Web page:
The House I Live In

House poster

The House I Live In (2012) is one of those docos where I just want to write a long list of all the lessons I learned whilst watching this film. That probably would not make for a very interesting review though.

The film takes a look at America’s so called ‘War on Drugs’, its (in)effectiveness and its victims. It examines the incredible rates of incarceration, the ruin that has been reaped on entire communities and the racial implications of the war, all the while having essentially no impact on drug use rates. It is plainly an issue that is of interest to a great many people, just take a look at the executive producers of this doco – Danny Glover, John Legend, Brad Pitt and Russell Simmons. The House I Live In mixes broad societal and historical beginnings of the War with personal, contemporary insights. In this regard, the film does a good job at capturing the scope of the issue. We spend time with dealers, cops, academics, judges, and grandmothers who have lost their family to drug use. There are also plenty of talking heads, amongst them creator of The Wire David Simon, who is an exceptionally perceptive voice on this issue. Frankly, when you consider the facts – the war has cost $1 trillion (!), drugs are more widely available than ever, levels of use are unchanged and America now jails more people than any other country on earth (5% of the world’s people, 25% of its prisoners) – it is difficult to comprehend why the War on Drugs continues, with little to no strategic change. Surely if the real issue was drug use, and after 45 years you still had not dented it, you would try something a little different. Unquestioned power is a strange thing though and perhaps drug use is not the real issue, or at least not all of it. This is why it is so important that films like this exist and are seen – to get people thinking about these issues and getting incredulous about them.

House I live in prison

The House I Live In is not the most cinematic of documentaries in terms of style, but then again it does not need to be, the information presented does all that is required. The stories told though are cinematic. From the cowboy drug-busting cops to the heart-wrenching stories of the impact that this ill-advised war on drugs has on so many people’s lives, there is no way this film can be flat. No one is saying that drugs are all good and they cause no harm. But that does not mean everything done in the name of combating the issue  is acceptable, indeed so much of it is not. David Simon sums up the plight of many communities perfectly when he says “what drugs haven’t destroyed, the war against them has.” It is ironic that the communities most afflicted by drugs fare the worst from the impacts of the supposed war. Ironic, but if you consider the history of these kinds of things, wholly unsurprising. The film does not propose twee, easy answers to what should be done, though it is adamant that the current approach should be canned. The answer they suggest though makes sense not just in terms of drug use, but from an improving society perspective – the enfranchisement of the poor. Can you imagine the opportunity that could be created if you pumped $1 trillion into that cause? Addiction is in many cases a symptom of unhappiness. Cure the unhappiness and you cure the addiction. It’s not just about unhappiness either, it is economic. The jobless poor will always turn to illegal ways to make money if that is the only option to provide for their family. I certainly would if I found myself in that kind of situation.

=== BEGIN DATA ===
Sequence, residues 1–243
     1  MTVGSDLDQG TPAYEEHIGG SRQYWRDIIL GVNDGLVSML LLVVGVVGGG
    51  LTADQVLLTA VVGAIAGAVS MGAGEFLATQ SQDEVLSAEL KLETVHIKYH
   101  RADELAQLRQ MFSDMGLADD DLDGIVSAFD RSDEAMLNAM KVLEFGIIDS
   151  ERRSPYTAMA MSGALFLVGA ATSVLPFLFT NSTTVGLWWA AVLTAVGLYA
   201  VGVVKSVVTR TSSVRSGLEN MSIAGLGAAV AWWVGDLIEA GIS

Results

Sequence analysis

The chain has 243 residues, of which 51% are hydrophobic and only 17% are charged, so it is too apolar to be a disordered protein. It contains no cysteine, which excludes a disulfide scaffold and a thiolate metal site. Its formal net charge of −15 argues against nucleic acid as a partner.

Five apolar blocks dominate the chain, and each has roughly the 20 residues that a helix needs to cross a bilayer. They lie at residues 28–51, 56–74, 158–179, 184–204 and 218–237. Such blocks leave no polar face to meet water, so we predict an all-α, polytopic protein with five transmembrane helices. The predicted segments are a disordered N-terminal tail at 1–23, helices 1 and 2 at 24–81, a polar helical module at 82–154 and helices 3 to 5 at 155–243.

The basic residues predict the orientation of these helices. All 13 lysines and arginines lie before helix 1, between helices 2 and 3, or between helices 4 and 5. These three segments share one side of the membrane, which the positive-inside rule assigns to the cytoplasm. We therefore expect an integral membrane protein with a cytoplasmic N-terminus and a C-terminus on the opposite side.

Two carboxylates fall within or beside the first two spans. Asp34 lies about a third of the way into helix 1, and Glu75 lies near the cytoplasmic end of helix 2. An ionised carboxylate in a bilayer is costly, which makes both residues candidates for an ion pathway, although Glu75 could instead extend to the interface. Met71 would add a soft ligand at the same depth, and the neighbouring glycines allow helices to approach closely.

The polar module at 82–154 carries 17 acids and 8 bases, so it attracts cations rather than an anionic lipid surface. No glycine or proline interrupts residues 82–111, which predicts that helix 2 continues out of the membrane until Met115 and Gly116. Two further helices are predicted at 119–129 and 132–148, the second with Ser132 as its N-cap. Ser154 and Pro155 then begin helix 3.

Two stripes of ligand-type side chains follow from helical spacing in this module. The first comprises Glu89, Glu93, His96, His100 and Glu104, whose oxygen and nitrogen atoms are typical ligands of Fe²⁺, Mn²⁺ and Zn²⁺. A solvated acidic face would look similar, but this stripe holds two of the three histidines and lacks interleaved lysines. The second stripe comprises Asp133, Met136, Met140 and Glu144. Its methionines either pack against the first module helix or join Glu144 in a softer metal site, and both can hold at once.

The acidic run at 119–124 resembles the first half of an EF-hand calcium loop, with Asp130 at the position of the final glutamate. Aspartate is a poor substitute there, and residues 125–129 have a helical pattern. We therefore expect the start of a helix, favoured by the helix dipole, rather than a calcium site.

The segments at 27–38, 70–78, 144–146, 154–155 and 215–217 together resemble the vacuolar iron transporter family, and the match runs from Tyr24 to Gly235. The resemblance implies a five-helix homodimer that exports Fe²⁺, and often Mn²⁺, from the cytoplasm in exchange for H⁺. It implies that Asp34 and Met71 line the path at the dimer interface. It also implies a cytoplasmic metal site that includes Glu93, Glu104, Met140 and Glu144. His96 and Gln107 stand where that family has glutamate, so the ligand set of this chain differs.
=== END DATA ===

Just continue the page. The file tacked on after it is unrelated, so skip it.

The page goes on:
House I live in dealer

I feel like a bit of a knob saying that a film is ‘important’, but I think this one really is and I wholeheartedly encourage all of you to check it out. I am sure you will learn just as much as me. It feels like it should be compulsory viewing for anyone in the States and really, with murmurs surrounding drug laws continuing here in Aus, and no doubt in many more places too, the messages contained in this film contain relevance for many more people than just Americans. Be warned though, this is no staid analytical view. It is as devastating and enraging as it is informative.

Verdict: Longneck of Melbourne Bitter

Related articles for you to check out: Criticism of criticism of Fruitvale Station and Chasing Ice.

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6 responses

  1. Great review, Tim. Those statistics (US having a quarter of the world’s prisoners) are mind-blowing.

    1. Cheers for reading and commenting Fernando. Yep, there is plenty of shocking and challenging stuff in the doco.

  2. Sounds devastating but fascinating. I must get my hands on The House I Live In, for I haven’t heard much but your good review compels me to find it quickly

    1. Yeah mate, it is well worth taking the time to track down. Tis some pretty crushing stuff, but important to be informed about these things.

  3. Thanks for the review Tim – another one for the list!

    1. Definitely Julie, think you would enjoy this one too. Well enjoy may be the wrong word. Perhaps appreciate.

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